This is a post I wrote around a year ago for my high school blog. I was looking back on it and want to share…
Anxiety. It is one word. One tiny little seven letter word. But somehow, it manages to take complete control over me. Anxiety is defined as a feeling of worry, nervousness, or unease. For me it is a lot more complicated. It’s also not typically something that is easy for me to open up about, as it has such a large stigma attached to it. Which makes it so much harder to live with.
Anxiety has always been a part of my life. In fact, when I was born I was in the NICU for 16 days. Although the first day it was because of my health, my stay was prolonged because anytime another baby around me had a problem or their alarm went off, I would react. As illogical as it may seem, anxiety can be more than simply a feeling of fear. For many people, they have very real physical reactions. For me my reaction can be just a feeling of sadness or misplacement, but many times it is accompanies by physical reaction. My heartrate spikes, and I sometime have difficulty breathing. In addition to those lovely responses food becomes my enemy. Even the mention of eating and I will turn so pale, you may as well call me Casper.
As a senior in high school, there are so many things that are can be exciting. It is an adventure into your future. For the first time, you have complete control in what you want to do. The decisions you make are all yours. Although many days, these are simply exciting for me, sometimes
along the way my anxiety kicks in.
Being a 17-year-old, crying in class is one of the most embarrassing things. So of course, on Friday, my anxiety decided to strike right as I was about to walk into school. A nervous thought about my family and my future popped into my head, and unlike someone without anxiety, it was hard for me to just redirect my attention.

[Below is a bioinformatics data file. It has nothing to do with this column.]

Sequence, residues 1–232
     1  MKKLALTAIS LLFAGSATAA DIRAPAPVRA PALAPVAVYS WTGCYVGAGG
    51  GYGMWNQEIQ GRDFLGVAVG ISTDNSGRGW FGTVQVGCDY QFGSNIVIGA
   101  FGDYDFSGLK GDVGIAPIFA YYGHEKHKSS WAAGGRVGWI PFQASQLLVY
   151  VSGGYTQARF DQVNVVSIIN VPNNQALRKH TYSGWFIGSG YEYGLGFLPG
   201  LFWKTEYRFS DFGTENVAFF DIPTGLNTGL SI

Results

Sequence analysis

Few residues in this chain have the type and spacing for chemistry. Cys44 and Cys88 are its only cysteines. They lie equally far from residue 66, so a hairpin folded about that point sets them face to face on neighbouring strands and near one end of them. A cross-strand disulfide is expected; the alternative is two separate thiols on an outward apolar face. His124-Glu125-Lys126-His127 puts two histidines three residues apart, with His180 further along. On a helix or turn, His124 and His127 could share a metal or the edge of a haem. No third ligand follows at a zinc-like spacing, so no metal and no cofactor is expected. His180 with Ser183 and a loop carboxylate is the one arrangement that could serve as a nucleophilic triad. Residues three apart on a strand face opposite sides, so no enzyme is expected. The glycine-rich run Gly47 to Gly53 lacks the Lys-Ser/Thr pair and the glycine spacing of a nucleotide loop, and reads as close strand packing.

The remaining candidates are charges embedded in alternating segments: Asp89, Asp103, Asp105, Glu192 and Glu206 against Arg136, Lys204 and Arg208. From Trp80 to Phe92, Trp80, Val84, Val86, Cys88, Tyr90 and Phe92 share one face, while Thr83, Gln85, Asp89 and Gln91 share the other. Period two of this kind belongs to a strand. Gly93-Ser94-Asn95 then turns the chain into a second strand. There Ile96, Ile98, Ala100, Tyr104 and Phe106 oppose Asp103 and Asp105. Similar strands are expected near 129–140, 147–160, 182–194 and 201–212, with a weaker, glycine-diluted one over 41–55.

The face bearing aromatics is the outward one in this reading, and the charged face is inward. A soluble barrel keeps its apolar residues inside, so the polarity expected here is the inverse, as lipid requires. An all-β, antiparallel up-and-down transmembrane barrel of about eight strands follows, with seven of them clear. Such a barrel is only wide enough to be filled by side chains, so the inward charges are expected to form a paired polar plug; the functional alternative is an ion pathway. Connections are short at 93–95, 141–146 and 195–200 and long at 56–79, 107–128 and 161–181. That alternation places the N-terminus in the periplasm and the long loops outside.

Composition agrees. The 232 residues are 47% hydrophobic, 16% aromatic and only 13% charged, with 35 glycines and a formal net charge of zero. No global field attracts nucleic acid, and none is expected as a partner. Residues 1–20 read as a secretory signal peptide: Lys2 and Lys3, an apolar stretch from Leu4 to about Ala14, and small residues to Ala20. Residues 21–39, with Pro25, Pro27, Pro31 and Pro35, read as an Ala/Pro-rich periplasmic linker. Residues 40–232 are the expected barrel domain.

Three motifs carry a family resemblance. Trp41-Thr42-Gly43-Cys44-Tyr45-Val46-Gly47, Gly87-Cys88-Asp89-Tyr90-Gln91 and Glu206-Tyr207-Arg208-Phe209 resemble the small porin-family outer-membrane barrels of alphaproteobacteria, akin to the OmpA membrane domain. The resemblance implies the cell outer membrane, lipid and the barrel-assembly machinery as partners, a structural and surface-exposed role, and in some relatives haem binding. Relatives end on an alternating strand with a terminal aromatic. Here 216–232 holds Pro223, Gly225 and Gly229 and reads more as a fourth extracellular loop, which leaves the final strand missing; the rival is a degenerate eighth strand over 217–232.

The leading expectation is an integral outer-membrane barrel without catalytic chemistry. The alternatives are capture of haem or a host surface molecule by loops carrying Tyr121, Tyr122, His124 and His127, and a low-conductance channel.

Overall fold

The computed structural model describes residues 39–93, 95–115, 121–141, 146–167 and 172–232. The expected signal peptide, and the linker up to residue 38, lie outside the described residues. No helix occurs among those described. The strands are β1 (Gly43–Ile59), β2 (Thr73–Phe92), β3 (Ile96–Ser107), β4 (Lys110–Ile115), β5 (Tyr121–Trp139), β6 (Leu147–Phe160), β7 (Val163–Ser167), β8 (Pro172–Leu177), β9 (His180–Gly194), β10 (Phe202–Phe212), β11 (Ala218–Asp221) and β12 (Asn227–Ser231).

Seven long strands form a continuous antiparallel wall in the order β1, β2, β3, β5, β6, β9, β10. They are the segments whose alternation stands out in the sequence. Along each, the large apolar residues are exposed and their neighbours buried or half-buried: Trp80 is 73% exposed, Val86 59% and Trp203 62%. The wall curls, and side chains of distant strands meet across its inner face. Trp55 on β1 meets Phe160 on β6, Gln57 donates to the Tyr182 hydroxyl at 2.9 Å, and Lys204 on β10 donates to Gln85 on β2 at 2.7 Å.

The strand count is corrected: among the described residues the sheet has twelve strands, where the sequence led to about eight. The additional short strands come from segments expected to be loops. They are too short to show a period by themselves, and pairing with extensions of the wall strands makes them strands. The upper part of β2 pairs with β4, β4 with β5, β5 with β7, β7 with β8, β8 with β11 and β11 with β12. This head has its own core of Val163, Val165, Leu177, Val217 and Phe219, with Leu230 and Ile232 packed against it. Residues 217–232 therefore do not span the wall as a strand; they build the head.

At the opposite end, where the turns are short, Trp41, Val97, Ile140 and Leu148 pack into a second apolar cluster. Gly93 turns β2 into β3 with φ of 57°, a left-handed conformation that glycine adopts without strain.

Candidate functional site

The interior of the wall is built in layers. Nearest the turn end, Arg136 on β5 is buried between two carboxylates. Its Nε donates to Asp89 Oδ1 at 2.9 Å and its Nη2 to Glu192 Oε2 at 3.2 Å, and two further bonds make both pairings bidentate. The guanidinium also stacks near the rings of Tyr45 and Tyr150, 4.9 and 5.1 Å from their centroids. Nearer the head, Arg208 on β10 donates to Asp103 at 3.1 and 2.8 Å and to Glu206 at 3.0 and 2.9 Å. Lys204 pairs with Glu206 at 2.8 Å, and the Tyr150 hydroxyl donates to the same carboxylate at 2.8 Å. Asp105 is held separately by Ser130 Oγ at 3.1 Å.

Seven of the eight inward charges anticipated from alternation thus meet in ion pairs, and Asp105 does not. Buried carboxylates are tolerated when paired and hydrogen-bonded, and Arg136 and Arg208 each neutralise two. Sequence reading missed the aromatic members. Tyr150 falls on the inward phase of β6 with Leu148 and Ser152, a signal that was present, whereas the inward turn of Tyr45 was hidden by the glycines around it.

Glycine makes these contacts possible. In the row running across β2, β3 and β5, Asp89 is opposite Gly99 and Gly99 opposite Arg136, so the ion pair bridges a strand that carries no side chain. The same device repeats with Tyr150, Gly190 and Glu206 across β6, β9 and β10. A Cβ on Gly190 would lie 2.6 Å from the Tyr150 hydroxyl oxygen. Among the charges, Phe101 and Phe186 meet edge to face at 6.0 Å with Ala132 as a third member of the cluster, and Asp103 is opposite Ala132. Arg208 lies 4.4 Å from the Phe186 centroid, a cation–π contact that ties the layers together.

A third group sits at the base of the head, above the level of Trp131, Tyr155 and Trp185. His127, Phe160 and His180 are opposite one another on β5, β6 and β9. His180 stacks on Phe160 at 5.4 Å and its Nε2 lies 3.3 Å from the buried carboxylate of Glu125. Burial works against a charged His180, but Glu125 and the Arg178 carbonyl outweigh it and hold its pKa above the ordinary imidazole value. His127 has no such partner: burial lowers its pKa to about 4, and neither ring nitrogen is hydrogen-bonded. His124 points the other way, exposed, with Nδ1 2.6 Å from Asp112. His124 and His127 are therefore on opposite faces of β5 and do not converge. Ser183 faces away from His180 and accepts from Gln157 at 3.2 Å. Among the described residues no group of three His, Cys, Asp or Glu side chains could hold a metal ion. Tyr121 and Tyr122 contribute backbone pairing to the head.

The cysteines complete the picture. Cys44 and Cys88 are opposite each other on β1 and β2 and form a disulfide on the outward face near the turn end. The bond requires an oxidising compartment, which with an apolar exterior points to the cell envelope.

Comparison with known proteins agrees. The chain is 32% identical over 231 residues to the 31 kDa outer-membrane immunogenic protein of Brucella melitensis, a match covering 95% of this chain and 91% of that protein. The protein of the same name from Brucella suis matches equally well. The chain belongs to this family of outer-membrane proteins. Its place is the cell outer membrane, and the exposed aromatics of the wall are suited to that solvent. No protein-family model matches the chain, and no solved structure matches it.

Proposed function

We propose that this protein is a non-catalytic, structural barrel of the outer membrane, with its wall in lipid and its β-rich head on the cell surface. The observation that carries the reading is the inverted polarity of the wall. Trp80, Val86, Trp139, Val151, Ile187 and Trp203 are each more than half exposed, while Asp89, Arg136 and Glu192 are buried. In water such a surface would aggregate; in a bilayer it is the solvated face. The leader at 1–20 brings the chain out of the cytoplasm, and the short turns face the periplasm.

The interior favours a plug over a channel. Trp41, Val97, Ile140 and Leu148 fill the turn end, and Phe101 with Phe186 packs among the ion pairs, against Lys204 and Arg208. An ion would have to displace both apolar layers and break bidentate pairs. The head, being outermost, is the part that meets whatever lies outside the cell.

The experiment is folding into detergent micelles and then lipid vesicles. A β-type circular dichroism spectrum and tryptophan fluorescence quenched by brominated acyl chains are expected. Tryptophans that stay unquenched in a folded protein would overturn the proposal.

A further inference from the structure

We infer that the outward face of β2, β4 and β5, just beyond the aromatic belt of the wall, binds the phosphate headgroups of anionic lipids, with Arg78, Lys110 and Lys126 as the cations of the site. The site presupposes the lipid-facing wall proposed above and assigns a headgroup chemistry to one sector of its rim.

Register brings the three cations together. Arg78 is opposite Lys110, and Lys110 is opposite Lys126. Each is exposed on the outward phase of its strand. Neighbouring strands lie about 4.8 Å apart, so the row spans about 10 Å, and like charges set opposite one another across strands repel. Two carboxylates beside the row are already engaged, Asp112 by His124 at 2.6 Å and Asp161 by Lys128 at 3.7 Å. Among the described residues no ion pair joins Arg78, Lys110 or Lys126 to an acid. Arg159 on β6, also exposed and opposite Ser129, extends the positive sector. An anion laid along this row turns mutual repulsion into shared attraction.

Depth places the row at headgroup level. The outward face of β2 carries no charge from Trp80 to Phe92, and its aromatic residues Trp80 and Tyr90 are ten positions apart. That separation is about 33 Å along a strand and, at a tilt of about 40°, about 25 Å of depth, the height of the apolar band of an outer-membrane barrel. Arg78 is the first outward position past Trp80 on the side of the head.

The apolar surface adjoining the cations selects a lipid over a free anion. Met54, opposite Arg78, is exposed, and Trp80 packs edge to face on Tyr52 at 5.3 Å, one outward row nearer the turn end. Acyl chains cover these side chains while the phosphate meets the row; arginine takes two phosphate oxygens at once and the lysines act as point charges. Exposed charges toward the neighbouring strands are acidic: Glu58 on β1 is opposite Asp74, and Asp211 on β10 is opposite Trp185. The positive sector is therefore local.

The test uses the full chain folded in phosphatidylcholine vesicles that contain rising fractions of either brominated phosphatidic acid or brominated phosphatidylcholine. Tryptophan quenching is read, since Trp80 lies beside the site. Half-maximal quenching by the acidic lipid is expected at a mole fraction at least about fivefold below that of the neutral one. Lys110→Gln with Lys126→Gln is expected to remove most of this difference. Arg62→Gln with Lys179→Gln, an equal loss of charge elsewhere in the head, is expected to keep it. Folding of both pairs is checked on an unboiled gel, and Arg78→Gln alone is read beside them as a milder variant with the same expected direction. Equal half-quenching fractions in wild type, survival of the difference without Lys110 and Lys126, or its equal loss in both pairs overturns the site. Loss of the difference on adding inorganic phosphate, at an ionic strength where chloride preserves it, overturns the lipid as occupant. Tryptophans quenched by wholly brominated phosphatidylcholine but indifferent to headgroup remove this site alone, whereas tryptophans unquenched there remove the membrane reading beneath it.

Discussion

One of the hardest parts about anxiety for me is that it seems although you have two completely different thought processes. On one hand I can see that it is irrational for me to become so upset and scared that I literally cannot stop crying as I’m sitting in class. But on the other hand, there is some part of me that completely registers this thought as a fear, as something so real that it needs my full focus.
It may seem like I just completely embarrassed myself, crying at school in the first place, and sharing this now. But this is why. Having these thoughts are hard enough, never mind having to simultaneously freak out about what people are thinking about you or what they would say if they found out that you have anxiety and unfortunately this is a pretty common part of your life. The stigma around mental health is so detrimental, and the only way to overcome it is by speaking up. I have an anxiety disorder, but it doesn’t define me. It allows me to see how many people in my life truly care, and support me.